A Happily Ever After For Us All



Normalcy meets celebrity and we can’t seem to get enough of it.

Peering out of the window of what appears to be a very humble flat, a couple is pictured leaning together, a baby cradled in the mother’s arms, and the family dog nestled between her partner’s. The baby and the dog’s eyes meet naturally, and there is little indication that this photo could be staged, or more than just a regular family portrait. But, this photo is not of any regular family; it is of the British Royal Family’s William and Catherine, and their baby George. Earlier this week, headlines and taglines hailing the intimate and casual nature of this new family photo made the story a trending topic in social media. Why the obsession with the casual nature? Why do we care that “they look like they’re welcoming us in!” as one commenter put it? Why should it matter that celebrities are “just like us!” as advertised by tabloid headlines?

Since they first started dating in college, Will and Kate caught the attention and the imagination of the public. She was the girl next door who found prince charming, and while coming from a rather privileged family background, a modern-day Cinderella. The Royal family has, up until recently, been very concerned with decorum and the keeping-up of appearances. It has been something fascinating for its mystery, but, due to how distant it is from one’s daily life, not altogether that enthralling beyond the wow-factor of the price of crown jewels. With Will and Kate, it seems like a face that is more real — or at least, that is pretending to be more real — is being put forth.

Celebrity pregnancies are obsessed over by magazines, baring baby bumps and offering personal interviews and family photos, like the one of the baby prince gazing at the family pet from his mother’s embrace that was shared over and over on my Facebook newsfeed. Why would we pay to buy pictures of someone else’s intimate family moments, spend precious minutes ogling (admittedly cute) baby George’s face, or, like many photographers did on the day of his birth, crowd outside the back door of a hospital in the sweltering heat of Summer to capture a shot of Kate in a casual sun dress, holding a blanket-swathed bundle?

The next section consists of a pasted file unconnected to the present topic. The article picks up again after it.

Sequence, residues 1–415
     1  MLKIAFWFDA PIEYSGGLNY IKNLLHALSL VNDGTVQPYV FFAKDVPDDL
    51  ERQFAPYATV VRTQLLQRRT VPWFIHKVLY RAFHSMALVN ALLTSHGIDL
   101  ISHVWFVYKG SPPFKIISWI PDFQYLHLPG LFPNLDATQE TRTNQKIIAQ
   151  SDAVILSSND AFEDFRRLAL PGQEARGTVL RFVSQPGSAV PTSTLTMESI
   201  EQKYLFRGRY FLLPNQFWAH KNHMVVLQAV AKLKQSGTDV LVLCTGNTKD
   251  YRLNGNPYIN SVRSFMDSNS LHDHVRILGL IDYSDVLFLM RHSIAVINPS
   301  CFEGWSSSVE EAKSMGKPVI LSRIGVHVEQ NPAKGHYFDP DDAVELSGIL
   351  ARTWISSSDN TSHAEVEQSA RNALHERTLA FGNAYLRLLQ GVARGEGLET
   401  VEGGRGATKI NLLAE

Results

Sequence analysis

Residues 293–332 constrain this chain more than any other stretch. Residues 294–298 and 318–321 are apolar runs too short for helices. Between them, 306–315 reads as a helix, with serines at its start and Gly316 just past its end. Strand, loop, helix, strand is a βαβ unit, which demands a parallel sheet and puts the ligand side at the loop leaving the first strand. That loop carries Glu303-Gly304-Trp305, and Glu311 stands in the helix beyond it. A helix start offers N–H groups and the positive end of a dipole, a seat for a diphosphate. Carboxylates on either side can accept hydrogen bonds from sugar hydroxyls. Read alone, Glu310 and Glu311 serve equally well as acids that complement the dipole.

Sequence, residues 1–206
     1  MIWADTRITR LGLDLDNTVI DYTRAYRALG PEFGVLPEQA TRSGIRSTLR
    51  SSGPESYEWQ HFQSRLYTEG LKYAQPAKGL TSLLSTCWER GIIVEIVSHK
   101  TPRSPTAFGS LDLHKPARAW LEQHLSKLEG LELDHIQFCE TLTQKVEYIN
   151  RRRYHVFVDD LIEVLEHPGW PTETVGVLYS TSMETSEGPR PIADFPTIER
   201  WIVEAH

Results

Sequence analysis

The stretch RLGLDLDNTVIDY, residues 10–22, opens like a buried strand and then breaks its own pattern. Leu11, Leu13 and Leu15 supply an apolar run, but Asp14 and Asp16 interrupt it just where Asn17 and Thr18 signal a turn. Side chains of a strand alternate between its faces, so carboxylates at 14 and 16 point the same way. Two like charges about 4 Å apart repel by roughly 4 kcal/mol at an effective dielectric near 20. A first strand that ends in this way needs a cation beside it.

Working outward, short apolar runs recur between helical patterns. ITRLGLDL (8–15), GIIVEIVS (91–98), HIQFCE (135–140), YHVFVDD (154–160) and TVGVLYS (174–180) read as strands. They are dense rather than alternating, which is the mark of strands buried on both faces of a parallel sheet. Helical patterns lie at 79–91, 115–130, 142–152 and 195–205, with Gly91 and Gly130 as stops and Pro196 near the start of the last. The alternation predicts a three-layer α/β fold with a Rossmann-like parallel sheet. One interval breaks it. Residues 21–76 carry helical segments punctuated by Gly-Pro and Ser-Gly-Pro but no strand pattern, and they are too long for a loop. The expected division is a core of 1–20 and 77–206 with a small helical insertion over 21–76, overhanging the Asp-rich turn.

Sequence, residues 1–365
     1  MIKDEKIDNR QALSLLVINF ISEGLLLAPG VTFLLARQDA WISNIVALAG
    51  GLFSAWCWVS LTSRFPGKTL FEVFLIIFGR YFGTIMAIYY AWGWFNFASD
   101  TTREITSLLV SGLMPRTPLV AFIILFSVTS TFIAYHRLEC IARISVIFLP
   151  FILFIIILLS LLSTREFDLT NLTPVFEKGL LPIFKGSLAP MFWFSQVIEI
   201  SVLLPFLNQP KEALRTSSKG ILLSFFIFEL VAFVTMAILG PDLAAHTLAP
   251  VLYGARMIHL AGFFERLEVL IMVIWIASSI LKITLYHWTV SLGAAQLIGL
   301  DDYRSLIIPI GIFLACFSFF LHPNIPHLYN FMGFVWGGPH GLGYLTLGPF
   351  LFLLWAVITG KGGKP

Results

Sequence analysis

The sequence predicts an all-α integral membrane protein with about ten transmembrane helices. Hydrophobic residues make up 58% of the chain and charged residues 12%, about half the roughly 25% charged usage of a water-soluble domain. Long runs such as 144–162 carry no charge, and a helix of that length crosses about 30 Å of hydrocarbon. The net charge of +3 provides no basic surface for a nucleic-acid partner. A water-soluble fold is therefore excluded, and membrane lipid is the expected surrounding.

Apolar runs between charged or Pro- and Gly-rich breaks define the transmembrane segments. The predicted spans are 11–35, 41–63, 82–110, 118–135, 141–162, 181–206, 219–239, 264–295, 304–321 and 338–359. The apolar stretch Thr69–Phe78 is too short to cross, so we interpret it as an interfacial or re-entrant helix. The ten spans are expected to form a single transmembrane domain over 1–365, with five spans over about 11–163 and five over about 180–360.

Candid shots of celebrities doing “normal” things like grocery shopping or playing in the park with their children… Galleries on TMZ and other gossip news sources full of pictures of celebrities without make up or looking less-than perfect in sweat pants… These seem to be more clickworthy than the fashion or “step into my million-dollar home” photoshoots that used to try to sell something entirely unattainable. Scandal isn’t half as interesting as being normal and living “just like us.”

Not too long ago, Kate was a trending topic for photos of her and her “post-baby-body” playing a fierce game of volleyball in wedges. A duchess playing volleyball doesn’t seem like something people would have wanted to see not too long ago, and something like Kate curling her hair around her fingers at a serious event — being a normal, fidgety person, that is — would probably not have made news in the past quite like it did last Fall.

The obsession with celebrities, and royalty, acting like regular people instead of like idols perhaps is following the trend of indignation over photoshopping, and other ways in which the media presents us with images that are clearly not even close to real. We want to see things that are real, or that we can believe are real — regardless of how unreal or unattainable they may actually be. After all, even unphotoshopped, how many of us do boast the natural proportions of a model or celebrity; purchase the seemingly simple, but probably pricey, dress Kate wore when she stepped of the hospital; live in the flat shared by her and William that lies beyond the simple window that frames them in their recent picture with George? But perhaps, what is so enthralling about fresh-faced celebrities grocery shopping in their pajamas, and what makes a family photo a trending topic, is that leading lives that appear as mundane as the moments we’re shown allows us to believe that we too are living something magical beyond them.

Joanna R. Schacter ’15 (jschacter@college.harvard.edu) is a proud Lamonster.